I won't go into detail about drawer construction here; for that, I suggest you refer to FWW on Things to Make, pp. 20-24. However, I'd like to add a few of my own thoughts. First, I fit my drawer sides directly to the opening, making them about % in. shorter than the case depth. I cut the two sides and front first, then run grooves V, in. to Vi in. above the bottom edge to allow room for half a dovetail below the groove. Then I plane in. from the bottom edge of the drawer front to keep it from dragging on the drawer rail. I lay out the dovetails on the sides with half dovetails, top and bottom, and as many full dovetails as necessary in between. Avoid cutting one directly on the groove for the drawer bottom—that will leave a hole in the front. When the joints are cut, glued and assembled, measure the diagonals to check for square. After sanding, the bottom can be fitted. Make sure the grain runs side-to-side; if it runs front-to-back, any expansion of the bottom forces out the sides, weakens the joints and binds the drawer.

One trick sometimes found on old pieces is to let the bottom act as a drawer stop. The bottom extends % in. to % in. beyond the drawer, so it hits the case back. When the drawer is fitted, the bottom is trimmed until the front is flush. Seasonal moisture changes that cause the case sides to expand and contract will also make the drawer bottom expand and contract, and, in theory at least, the drawer fronts remain flush. Some makers install stops on the web frames that hit the inside top or bottom edges of each drawer, keeping it flush with the case front despite carcase expansion and contraction.

A final word on finishing: I like to belt sand with 120-grit and 150-grit, then vibrate to 220-grit and 320-grit, followed by hand-sanding with 320-grit and 600-grit. On some surfaces, I finish-scrape using my secret weapon: single-edge razor blades (available in boxes of 100 from most paint or hardware stores). Those who don't care for the ritual of sharpening scrapers will find these blades a real boon. They're tremendously sharp and stay that way long enough to do one or two sides. They can then be tossed out or saved as glue scrapers. Although I use an oil finish, the finish you use is not as important as how you finish. All exposed surfaces, top and bottom, inside and out, must be finished, because uneven moisture absorption causes uneven wood movement and warping. Many antiques were not finished inside, yet they were seldom built in the Northeast and shipped to the Southwest, nor were they exposed to the forced-air heating common in modern homes. □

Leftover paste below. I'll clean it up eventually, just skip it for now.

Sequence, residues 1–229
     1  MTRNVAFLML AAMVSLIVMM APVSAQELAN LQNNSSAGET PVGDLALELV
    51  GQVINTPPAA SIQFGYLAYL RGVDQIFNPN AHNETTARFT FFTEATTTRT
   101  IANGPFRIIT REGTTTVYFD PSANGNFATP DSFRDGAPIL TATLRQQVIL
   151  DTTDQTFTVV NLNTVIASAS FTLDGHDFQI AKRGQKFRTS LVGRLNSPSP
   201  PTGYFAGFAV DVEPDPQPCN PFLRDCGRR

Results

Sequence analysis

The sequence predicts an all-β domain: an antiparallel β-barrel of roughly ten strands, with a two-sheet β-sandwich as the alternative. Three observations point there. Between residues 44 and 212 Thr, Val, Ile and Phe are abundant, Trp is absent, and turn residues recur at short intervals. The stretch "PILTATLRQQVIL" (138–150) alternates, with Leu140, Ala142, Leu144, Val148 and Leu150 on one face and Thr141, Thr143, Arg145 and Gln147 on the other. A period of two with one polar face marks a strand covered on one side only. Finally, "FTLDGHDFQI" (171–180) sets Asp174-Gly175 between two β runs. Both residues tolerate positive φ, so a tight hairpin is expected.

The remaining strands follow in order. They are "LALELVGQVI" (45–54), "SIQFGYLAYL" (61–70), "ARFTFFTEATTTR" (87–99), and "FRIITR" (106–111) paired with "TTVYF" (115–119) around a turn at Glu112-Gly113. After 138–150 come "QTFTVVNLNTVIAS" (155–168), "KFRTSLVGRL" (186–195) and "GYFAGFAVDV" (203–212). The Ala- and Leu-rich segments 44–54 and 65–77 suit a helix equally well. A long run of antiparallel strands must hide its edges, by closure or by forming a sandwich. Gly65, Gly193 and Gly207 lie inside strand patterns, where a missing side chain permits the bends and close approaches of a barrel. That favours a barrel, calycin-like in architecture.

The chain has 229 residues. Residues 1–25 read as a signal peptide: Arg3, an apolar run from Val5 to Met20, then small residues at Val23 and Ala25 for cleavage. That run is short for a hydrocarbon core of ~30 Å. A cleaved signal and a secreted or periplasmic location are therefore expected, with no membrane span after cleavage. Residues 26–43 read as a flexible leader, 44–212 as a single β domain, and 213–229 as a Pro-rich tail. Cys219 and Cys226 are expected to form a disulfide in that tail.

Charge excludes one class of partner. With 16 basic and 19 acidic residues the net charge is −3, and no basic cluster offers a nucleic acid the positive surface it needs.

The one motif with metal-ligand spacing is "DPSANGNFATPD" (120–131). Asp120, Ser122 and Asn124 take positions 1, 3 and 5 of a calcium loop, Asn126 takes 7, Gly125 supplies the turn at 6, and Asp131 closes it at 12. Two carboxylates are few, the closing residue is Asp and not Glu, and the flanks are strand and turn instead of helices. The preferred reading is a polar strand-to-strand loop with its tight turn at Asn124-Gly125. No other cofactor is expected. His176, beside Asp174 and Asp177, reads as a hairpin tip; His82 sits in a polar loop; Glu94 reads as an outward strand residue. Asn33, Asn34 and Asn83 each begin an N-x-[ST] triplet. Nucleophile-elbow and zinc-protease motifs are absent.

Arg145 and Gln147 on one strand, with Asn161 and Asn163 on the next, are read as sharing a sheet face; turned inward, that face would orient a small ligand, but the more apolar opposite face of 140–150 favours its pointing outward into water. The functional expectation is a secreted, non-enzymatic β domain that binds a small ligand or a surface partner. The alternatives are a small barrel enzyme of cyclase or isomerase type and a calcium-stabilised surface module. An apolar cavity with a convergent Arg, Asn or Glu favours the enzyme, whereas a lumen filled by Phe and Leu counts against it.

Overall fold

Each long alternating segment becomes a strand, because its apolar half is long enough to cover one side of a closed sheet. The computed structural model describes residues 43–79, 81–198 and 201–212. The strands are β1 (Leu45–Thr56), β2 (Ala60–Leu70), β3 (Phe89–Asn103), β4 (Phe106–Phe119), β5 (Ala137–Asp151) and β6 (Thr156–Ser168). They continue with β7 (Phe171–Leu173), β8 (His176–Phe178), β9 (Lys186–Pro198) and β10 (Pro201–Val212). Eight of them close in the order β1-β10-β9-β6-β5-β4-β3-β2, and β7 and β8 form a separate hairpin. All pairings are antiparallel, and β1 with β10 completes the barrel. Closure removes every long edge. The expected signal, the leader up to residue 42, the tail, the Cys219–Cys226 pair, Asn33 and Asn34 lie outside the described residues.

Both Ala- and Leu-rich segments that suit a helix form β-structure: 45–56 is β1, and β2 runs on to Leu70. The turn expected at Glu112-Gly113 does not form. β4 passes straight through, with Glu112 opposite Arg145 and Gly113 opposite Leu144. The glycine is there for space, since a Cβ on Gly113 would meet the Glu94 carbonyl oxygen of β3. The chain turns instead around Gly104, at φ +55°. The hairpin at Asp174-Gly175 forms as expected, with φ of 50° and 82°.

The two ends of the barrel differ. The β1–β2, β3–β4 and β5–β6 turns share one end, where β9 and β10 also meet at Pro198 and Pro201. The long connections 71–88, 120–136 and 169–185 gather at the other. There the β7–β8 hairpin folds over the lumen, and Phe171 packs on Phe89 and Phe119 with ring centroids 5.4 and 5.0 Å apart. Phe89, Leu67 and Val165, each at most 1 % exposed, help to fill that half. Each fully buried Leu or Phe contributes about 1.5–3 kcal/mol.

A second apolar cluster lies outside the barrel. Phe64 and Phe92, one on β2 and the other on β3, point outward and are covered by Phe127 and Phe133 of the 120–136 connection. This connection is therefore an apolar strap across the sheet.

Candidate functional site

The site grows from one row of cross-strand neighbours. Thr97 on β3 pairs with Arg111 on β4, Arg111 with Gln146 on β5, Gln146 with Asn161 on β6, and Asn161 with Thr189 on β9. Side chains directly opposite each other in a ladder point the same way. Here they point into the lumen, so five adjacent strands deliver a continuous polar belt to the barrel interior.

Christian Becksvoort is a professional furtiituremaker. He lives in New Gloucester, Maine.

I like the idea of building music stands out of solid wood. I have always felt there was a strong affinity between wood and many kinds of music. 1 know flutists and players of stringed instruments who specialize in classical and chamber music especially appreciate well-designed solid-wood stands.

I built my first music stand 10 years ago. Since then 1 have built 23 stands in 10 different designs. One of the most popular is the stand shown here with a turned column and dovetailed legs. Other models had a square column with cross-lapped legs and various desks. The desks offer many possibilities—fretwork, molding, carving, inlay and the use of figured woods. The stand height is adjusted by a stem that slides in the column. A pivoting hinge block sets the work surface angle and connects the stem to the desk. Pegs lock both adjustments.

The housing is a '/¡-in.-dia. hole bored 18 in. into the column. or a %-in.-square hole. The glued-up square housing and stem make it easy to insert the locking pin. A round housing and stem look better on some designs, though, and don't require a glued-up column. Construction procedures are basically the same for both styles. 1 cut or bore the housing, turn the column, shape the legs and dovetail them into the column. Building and fitting the desk is the last step. To make the column and round housing shown in figure 1, 1 size a solid block, 24'/2 in. by 3 in. by 3 in., and bore a in.-deep '/j in. dia. seating hole into the endgrain. The seating hole fits the copper-pipe T

Music stands offer many design possibilities. This stand represents one design by author Patterson. The plan on p. 19 shows a variation.

Music stands offer many design possibilities. This stand represents one design by author Patterson. The plan on p. 19 shows a variation.

Variation Lip Glous

that I mount in the lathe's tool rest as a hollow tailstock for boring the housing, as shown in figure 1. With the lathe running, I first bore a pilot hole with a hand-held shell auger. I have a %-in. shell auger, but you may only be able to find %-in. lamp augers (available from Craft Supplies USA, 1644 S. State St., Provo, Utah 84601). Use a fairly slow speed to reduce heat. Lubricate the wood with paraffin, let the auger find the center of rotation and clear the chips often. Then, clamp the piece in a vise and ream the hole with a %-in. bell hanger's drill. Electricians use the 18-in. drill, available from hardware and industrial supply stores, in an electric drill, but it's fine for reaming in a hand brace if you clear the chips often.

The square housing is glued up. The joint should run down the center of the blank to avoid creating elliptical and hourglass patterns when the bulbous shapes are turned. The best method is to saw the stock down the middle and then, after the housing is cut, glue it back together the way it came apart. You can also slip-match the pieces as shown in figure 2. After sizing both halves of the column, I cut the stopped grooves with a dado set and tablesaw. Run each edge against the rip fence to center the cut, then chisel out the stopped ends. Now, plane the glue-joint surfaces. I don't feel comfortable unless the joint is hand-planed. To ensure that the two grooves form a square centered in the column, I true and equalize them with a hand router plane before gluing the halves together with a careful amount of glue and five handscrews. A scrap of square stock fit into the

by Lance Patterson